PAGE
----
What is Network Cabling?
The cable is the channel through which information typically moves from a single network device to another. There are different types of cable which are usually utilized with Local Area Networks. In some situations, a network will employ just one type of cable, but some networks will utilize a variety of wire types. The kind of cable selected for a network is associated with the network’s size, protocol, and. Knowing the properties of different kinds of cables and how they relate to other aspects of a network is essential for the development of an effective network. The kind of cable employed in any network infrastructure is one of the most important factors of networking in many industries.
1. Coaxial Cable
A coaxial cable has a single copper conductor in the center. A plastic layer gives padding between the inner conductor and the braided metal shield. The metal shield prevents exterior interference from fluorescent lights, motors, and other computers.
Coaxial cabling is incredibly resistant to signal interference, but it is well known that installing coaxial cables is complex. It can support great cable lengths between network devices than the twisted pair cable. The two kinds of coaxial cabling are thick coaxial and thin coaxial.
- Thin coaxial cable (also known as thinnet). This type of coax cable has been popular in school networks, especially linear bus networks.
- Thick coaxial cable (also known as thicknet). This kind of cable has an extra protecting plastic cover that helps keep moisture away from the inner conductor. This characteristic makes thick coaxial an excellent option when running longer lengths in a linear bus network.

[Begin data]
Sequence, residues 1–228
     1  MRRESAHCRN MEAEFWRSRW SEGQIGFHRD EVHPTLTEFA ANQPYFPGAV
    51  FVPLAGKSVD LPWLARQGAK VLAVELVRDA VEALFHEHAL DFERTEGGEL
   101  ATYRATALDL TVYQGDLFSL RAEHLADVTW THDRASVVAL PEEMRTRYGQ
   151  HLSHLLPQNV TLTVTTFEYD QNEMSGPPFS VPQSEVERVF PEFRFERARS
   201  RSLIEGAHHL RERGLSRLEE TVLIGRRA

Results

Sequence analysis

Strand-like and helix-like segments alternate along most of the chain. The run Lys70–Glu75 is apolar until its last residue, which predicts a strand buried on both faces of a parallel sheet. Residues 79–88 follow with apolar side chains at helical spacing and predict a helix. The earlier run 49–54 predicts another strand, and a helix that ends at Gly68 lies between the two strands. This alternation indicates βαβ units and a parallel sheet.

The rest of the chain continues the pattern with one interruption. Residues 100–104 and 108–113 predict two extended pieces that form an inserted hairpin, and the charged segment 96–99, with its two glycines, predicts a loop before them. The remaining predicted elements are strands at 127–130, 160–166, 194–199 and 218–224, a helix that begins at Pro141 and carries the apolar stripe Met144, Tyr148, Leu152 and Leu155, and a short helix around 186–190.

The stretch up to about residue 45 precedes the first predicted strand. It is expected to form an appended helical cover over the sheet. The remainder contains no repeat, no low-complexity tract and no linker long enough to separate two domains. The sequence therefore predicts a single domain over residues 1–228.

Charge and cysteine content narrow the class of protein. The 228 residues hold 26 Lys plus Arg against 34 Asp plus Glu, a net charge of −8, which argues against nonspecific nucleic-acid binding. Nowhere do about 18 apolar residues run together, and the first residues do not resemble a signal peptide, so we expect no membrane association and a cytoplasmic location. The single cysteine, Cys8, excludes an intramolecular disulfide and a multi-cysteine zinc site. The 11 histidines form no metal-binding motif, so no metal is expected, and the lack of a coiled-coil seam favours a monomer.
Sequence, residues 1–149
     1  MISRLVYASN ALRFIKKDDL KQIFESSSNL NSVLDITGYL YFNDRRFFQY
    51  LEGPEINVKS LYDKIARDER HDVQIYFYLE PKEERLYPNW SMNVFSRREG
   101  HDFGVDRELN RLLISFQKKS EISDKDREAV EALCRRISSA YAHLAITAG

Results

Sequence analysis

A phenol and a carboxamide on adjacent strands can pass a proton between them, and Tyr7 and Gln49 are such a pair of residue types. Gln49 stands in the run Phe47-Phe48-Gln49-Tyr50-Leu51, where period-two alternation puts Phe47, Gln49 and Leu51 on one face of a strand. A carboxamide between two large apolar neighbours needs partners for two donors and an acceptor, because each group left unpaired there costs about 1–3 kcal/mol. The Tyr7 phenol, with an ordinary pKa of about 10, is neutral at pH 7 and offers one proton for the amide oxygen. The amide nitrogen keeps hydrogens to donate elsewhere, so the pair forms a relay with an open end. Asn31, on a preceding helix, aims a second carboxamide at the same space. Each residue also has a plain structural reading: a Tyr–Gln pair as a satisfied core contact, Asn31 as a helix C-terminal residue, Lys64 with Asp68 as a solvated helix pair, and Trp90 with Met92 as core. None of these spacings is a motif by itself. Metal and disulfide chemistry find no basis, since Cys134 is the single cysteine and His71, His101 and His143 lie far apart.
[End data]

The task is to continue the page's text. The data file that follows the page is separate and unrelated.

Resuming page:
2. Shielded Twisted Pair (STP) Cable
This type of cable is a unique kind of copper phone wiring employed in business connections and installations. An outer shield that works as a ground is added to the traditional twisted-pair telephone lines. This type of cable may be the solution if you need to place the cable in an area with possible interference and risk to the electrical current in the UTP. Shielded cables could also help in extending the distance between the cables.
3. Fiber Optic Cable
This type of cabling consists of a central glass core enclosed by several layers of shielding materials. It eliminates the problem of electrical interference by transmitting light instead of electronic signals. This makes them ideal for special atmospheres which contain a large amount of electrical disturbance. It has converted in the standard for connecting networks between buildings due to its resistance to lighting and moisture.
Fiber optic cable has the capacity to transmit signals over longer distances than other cables like coax and twisted pair. It also can carry information at higher greater speeds.
4. Unshielded Twisted Pair
This is the type of cable that is employed for both; conventional computers and phone networking.
This cable consists of two unshielded wires twisted around each other. Because of its low cost, UTP cabling is employed for local-area networks and telephone connections. UTP cabling does not provide as high bandwidth or as good protection from interference as other cables including coaxial or fiber optic cables, but it is much less expensive and it is also easier to work with.
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